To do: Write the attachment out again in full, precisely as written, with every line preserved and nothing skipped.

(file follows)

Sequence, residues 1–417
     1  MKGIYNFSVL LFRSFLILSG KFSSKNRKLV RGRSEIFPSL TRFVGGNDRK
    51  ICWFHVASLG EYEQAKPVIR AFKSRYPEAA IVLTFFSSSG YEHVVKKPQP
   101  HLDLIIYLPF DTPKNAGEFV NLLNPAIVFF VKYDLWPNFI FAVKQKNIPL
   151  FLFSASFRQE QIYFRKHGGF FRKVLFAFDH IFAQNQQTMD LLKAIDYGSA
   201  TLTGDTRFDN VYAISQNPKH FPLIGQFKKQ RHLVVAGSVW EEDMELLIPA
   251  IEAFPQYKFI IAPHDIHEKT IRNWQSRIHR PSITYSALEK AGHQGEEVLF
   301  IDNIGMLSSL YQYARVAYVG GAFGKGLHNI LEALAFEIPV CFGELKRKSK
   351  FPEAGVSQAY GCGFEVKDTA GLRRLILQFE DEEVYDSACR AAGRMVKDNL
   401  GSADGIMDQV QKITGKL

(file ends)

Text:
Sequence, residues 1–417
     1  MKGIYNFSVL LFRSFLILSG KFSSKNRKLV RGRSEIFPSL TRFVGGNDRK
    51  ICWFHVASLG EYEQAKPVIR AFKSRYPEAA IVLTFFSSSG YEHVVKKPQP
   101  HLDLIIYLPF DTPKNAGEFV NLLNPAIVFF VKYDLWPNFI FAVKQKNIPL
   151  FLFSASFRQE QIYFRKHGGF FRKVLFAFDH IFAQNQQTMD LLKAIDYGSA
   201  TLTGDTRFDN VYAISQNPKH FPLIGQFKKQ RHLVVAGSVW EEDMELLIPA
   251  IEAFPQYKFI IAPHDIHEKT IRNWQSRIHR PSITYSALEK AGHQGEEVLF
   301  IDNIGMLSSL YQYARVAYVG GAFGKGLHNI LEALAFEIPV CFGELKRKSK
   351  FPEAGVSQAY GCGFEVKDTA GLRRLILQFE DEEVYDSACR AAGRMVKDNL
   401  GSADGIMDQV QKITGKL